Apart from conferences organized by the Heartland Foundation I don’t recall a skeptic dominated professional conference or science association convention. Skeptics have spoken at many conferences before, but this time the skeptical speakers vastly outnumbered the fans of the IPCC, ten to one. This was an event where — by the sounds of it — it would have been uncool to be an unskeptical scientist (as indeed it ought to be). No prizes for guessing which branch of science could no longer be held down by political correctness.
It’s a sign of the times, the phase shift is coming.
Tom Harris gives a great summary in the Financial Post:
Anyone not already familiar with the stance of geologists towards the global warming scare would have been shocked by the conference at the University of Ottawa at the end of May. In contrast to most environmental science meetings, climate skepticism was widespread among the thousand geoscientists from Canada, the United States and other countries who took part in GAC-MAC 2011 (the Joint Annual Meeting of the Geological Association of Canada, the Mineralogical Association of Canada, the Society of Economic Geologists and the Society for Geology Applied to Mineral Deposits).
Speakers included Bob Carter and Ian Plimer as well as Henrik Svensmark, along with many others who talked about water vapor, the role of the sun, satellite radiation measurements and many other approaches. One speaker spoke along lines that the IPCC would have been happy about, but none of the other IPCC supporters accepted the invitations.
Where were all the other scientist supporters of climate alarmism? Did they not know that climate was a major focus of this, the largest geologic conference in the country?
They knew. According to Miall, even though some were directly invited, they either refused to participate or ignored the invitation. “The people on the IPCC side generally will not debate,” explained Miall. “Anything that’s brought up that they disagree with, they say has been dealt with and is no longer considered important, or is a minor effect. This is often quite wrong.”
In the Q&A following the public lecture at last June’s Canadian Meteorological and Ocean Society (CMOS)/Canadian Geophysical Union Congress in Ottawa, the prospect of a public debate between the two sides was put to keynote speaker Warwick Vincent of Laval University. Vincent was supportive, as was a CMOS past president communicated with later. Yet, when I approached CMOS executives and directors about taking the steps necessary to arrange such a public event, the responses were negative to the point of abuse and nothing transpired.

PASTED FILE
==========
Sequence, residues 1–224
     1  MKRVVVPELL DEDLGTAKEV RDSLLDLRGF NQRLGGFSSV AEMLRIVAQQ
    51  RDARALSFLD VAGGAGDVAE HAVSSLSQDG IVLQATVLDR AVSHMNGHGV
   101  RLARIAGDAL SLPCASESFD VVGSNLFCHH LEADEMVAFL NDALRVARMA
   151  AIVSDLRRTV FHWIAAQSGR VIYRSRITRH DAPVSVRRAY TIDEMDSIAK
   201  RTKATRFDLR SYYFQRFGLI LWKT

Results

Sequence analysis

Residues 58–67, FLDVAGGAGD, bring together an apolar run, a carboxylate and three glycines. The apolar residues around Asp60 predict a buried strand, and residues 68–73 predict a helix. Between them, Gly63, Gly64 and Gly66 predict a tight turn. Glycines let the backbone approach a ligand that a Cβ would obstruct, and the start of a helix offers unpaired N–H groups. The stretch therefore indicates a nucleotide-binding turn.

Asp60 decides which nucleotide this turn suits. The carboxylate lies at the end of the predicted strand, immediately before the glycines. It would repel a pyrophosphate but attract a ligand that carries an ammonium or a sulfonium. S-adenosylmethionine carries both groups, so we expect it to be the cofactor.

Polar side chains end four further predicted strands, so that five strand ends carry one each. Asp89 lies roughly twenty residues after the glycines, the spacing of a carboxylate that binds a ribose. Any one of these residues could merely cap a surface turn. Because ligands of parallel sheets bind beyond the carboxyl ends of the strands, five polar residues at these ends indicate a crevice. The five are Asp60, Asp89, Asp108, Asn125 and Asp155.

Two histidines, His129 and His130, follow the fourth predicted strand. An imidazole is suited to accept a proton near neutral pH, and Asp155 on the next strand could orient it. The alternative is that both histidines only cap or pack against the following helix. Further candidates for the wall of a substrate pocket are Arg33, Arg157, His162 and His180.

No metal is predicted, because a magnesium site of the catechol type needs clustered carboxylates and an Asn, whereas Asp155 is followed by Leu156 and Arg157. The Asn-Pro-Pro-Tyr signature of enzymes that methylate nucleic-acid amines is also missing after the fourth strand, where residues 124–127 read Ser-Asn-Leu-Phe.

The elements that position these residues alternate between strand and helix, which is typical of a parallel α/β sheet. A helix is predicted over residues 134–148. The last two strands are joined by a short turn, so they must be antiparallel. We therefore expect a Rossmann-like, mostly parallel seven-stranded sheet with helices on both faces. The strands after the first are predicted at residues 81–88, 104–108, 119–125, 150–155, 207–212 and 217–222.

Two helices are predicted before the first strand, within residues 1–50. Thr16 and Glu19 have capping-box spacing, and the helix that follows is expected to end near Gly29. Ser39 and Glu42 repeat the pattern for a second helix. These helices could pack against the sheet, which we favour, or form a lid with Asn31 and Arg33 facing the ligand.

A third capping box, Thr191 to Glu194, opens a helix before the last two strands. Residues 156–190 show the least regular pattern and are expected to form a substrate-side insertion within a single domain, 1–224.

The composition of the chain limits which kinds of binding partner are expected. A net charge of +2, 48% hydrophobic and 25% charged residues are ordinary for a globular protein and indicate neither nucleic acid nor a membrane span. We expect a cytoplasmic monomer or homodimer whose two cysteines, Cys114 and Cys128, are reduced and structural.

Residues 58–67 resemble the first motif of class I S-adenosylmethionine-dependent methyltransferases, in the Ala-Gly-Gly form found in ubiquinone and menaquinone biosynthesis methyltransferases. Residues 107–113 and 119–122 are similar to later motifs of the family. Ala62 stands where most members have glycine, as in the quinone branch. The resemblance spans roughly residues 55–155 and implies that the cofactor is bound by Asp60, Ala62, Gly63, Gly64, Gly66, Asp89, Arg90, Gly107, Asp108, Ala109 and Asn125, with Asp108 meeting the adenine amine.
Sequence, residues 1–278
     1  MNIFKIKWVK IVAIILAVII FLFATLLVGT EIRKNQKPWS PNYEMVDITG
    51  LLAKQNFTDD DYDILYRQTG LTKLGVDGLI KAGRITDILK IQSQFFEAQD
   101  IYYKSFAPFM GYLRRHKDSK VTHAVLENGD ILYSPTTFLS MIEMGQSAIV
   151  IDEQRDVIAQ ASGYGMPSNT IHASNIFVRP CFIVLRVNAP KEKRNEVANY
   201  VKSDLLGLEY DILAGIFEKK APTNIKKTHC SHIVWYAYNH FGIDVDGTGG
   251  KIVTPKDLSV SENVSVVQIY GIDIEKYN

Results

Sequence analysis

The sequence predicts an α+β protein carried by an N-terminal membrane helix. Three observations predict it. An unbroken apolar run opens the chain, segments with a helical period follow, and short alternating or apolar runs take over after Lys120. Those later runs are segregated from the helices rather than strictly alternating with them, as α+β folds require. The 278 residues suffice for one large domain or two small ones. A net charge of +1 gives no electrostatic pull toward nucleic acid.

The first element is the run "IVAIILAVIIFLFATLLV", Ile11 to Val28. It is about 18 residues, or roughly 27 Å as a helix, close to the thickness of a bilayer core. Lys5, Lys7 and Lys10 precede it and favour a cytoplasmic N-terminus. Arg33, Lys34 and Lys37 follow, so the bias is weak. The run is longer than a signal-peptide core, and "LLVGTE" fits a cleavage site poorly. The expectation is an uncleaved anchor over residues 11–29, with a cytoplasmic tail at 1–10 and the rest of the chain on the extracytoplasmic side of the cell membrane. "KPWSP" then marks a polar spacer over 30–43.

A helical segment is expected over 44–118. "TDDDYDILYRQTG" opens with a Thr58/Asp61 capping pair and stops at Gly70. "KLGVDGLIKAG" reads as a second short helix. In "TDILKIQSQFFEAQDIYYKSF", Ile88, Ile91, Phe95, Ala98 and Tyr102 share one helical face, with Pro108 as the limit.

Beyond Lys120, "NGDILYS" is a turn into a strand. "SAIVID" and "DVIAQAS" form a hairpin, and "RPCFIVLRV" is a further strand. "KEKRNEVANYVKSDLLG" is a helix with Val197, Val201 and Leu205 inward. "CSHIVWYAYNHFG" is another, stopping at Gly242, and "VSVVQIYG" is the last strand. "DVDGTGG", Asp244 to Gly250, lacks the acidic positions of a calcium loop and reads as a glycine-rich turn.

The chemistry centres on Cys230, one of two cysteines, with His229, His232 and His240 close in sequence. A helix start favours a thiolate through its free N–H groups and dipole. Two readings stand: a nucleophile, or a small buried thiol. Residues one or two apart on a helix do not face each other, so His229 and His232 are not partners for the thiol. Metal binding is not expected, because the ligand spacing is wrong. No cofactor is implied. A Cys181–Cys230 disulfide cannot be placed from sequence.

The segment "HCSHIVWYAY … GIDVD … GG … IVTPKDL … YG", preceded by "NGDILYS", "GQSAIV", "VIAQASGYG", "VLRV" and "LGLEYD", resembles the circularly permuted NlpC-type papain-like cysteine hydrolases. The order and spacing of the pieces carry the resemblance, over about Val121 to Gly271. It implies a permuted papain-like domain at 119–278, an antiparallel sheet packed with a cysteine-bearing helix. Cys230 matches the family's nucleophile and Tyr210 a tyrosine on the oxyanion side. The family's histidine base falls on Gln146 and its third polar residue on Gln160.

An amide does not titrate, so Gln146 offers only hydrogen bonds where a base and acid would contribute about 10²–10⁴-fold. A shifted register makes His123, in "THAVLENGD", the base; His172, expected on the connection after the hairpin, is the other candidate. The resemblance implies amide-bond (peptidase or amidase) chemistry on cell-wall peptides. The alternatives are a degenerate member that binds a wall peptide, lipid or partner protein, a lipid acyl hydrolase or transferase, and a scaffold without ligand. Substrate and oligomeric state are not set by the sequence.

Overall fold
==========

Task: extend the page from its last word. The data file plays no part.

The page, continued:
This was perhaps not surprising. Proposals for a proper climate science debate have been opposed by CMOS leaders for a long time. As early as 1990, the chairman of the CMOS congress scientific committee, Tad Murty (then a senior research scientist with the Department of Fisheries and Oceans’ Institute of Ocean Sciences) tried to arrange a global-warming debate. But it never happened. Murty cites a “lack of enthusiasm” from other committee members as the reason.
Geoscientists need to speak up
Miall maintains that the views of geoscientists are crucial for a proper understanding of climate.
“This should have been accepted practice all along, not because geoscientists are necessarily right, but because this should be the normal process of science,” said Miall. “The idea that any science is ‘finished’ violates all the norms of the science process, which should, by definition, be permanently open to new data and new ideas. The history of science is full of examples of so-called ‘normal science’ that is shown to be wrong on the basis of a single critical piece of data or a new idea. That’s all we were trying to do at the GAC meeting — keep our minds open.”
Uncomfortable though it may be for geoscientists, society needs them to speak out forcefully now. Otherwise, the climate alarm, its science failing but the movement still heavily funded, will stagger on, leading society into wasting billions of dollars more and destroying millions of jobs worldwide.
Tom Harris is the executive director of the International Climate Science Coalition.